Bill Emerson
Guest
Bill Emerson
9 years 7 months ago

Building on Tom’s reference to “Pretty Woman,” after visiting another boutique where people worked hard at taking care of her, the heroine made a very large purchase and then stopped into the snobby store, displayed her purchases from the competition, smiled, and said “Big Mistake.” Therein lies the point. If you want to be a successful retailer, you help the customer realize her aspirations; if you want to be a self-important jackass, retail is probably not the best way to do it.

Mel Kleiman
Guest
9 years 7 months ago

Here’s a simple quote that I think sums up the relationship with customers: “Never judge a book by its cover.”

Ed Rosenbaum
Guest
9 years 7 months ago

I am a customer service advocate so this story and the follow up by the management goes against my belief system. You can never tell who is or will be a buyer. It might not be the first time they walk in your store or even the second time.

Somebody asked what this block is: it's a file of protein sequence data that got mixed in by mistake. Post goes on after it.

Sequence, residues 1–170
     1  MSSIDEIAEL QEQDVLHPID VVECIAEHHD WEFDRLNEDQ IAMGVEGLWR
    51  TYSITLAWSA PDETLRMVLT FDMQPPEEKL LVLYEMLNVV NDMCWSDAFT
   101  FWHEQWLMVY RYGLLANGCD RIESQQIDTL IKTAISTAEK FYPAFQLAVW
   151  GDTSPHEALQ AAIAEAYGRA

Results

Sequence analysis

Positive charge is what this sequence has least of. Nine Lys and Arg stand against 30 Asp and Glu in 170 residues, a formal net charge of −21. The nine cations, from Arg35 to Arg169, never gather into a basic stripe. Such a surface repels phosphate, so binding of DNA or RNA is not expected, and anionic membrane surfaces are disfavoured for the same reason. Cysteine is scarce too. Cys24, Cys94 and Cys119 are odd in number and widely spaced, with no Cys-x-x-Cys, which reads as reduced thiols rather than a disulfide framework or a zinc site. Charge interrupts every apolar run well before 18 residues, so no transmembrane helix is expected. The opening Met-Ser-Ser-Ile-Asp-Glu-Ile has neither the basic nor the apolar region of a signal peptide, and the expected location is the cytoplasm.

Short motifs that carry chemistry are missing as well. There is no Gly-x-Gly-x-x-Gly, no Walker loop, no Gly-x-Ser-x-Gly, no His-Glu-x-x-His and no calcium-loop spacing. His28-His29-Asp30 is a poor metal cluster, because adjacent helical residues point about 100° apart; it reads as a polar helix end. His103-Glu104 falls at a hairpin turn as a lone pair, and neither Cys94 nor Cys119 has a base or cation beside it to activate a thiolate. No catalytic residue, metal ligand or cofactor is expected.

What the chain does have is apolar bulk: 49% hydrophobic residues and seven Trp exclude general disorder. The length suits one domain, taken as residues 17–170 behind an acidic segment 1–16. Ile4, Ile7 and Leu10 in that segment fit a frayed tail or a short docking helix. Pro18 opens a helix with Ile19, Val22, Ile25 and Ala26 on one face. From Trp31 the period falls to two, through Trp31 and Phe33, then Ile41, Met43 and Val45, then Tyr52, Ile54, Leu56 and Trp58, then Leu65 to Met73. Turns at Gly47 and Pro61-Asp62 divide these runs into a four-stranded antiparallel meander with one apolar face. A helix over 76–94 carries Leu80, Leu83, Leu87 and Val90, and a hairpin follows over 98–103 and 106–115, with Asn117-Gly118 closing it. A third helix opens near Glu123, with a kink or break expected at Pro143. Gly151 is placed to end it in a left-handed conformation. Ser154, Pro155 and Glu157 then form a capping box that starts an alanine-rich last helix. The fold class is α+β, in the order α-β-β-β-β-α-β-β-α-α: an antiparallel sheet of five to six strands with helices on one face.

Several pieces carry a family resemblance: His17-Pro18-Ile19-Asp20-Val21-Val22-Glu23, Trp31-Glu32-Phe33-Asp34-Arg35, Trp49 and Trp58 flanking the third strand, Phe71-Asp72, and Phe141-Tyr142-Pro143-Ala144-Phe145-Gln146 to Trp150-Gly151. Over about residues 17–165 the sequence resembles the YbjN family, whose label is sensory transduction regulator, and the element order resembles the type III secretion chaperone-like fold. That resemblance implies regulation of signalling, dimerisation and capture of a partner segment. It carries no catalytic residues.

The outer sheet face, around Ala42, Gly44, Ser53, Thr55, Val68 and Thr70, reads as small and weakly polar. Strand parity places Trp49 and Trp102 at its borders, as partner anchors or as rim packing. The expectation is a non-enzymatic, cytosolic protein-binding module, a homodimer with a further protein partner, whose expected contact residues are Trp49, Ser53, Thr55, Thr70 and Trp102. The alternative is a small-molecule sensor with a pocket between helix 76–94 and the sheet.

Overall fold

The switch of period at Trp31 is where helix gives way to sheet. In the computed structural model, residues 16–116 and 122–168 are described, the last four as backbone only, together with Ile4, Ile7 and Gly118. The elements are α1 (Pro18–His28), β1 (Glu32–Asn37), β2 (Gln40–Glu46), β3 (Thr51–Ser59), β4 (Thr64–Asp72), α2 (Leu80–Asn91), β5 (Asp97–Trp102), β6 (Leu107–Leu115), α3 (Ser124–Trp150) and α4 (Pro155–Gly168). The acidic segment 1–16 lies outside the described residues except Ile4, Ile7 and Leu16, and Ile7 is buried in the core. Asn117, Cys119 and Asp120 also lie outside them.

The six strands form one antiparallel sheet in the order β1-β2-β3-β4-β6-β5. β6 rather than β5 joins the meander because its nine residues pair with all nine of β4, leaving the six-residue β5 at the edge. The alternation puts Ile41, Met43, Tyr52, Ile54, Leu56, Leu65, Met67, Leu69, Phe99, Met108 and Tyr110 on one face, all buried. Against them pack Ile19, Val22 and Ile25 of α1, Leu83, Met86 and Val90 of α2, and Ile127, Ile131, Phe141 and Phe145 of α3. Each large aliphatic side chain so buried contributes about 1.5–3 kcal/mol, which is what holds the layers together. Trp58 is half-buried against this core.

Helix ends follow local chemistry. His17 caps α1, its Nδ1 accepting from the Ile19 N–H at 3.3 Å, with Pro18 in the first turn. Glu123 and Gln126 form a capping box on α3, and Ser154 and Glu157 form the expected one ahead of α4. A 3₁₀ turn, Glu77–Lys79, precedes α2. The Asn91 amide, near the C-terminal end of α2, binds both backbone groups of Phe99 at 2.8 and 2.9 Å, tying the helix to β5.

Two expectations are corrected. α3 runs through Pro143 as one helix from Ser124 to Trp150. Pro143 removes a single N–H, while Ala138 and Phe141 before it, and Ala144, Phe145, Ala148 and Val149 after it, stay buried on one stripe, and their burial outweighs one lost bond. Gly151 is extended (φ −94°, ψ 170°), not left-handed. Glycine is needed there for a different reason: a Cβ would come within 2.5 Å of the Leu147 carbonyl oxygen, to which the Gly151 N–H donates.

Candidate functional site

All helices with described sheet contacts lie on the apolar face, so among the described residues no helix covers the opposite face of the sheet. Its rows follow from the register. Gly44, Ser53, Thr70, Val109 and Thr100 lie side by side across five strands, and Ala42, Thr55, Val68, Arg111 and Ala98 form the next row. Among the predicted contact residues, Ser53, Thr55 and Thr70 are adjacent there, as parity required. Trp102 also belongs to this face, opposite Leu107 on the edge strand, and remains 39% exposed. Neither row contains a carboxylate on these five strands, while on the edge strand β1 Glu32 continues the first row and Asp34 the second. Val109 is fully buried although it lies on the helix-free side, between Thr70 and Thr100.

I am reminded (with somewhat a clouded memory for the details) of an old story about how Stanford University was founded. To make a long story short, Mr. Stanford originally wanted to donate the money to an Ivy League College. He came in to the college president’s office casually dressed in jeans and was immediately dismissed because of his appearance. Heck, even Steve Jobs was not the best dressed person in the crowd. You can’t judge a book by the cover. Not in retail nor any other service/sales business.

Doron Levy
Guest
Doron Levy
9 years 7 months ago

I read this article on Yahoo and laughed my head off. In fact, it was so funny it became sad. The district manager of Gasp likes dropping names and some will say any publicity is good publicity but I do not believe that works in retailing. A deeper look into the email exchange reveals that the district manager name dropped a few celebs who shop Gasp to outline the exclusivity of their line. Do celebrities want to be associated with a big meanie like Gasp? They have their reputations to protect as well. Retailers cannot underestimate the power of blogging, facebook and all the other vent vehicles people have these days. I agree with The Doc, Gasp may see some immediate benefit but overall, this can only hurt their brand.

Brian Kelly
Guest
9 years 7 months ago

Be nice to people on your way up.

Because you see them again on the way down.

Warren Thayer
Guest
9 years 7 months ago

There’s never an excuse for being insulting or abusive. Ever.

Herb Sorensen
Guest
9 years 7 months ago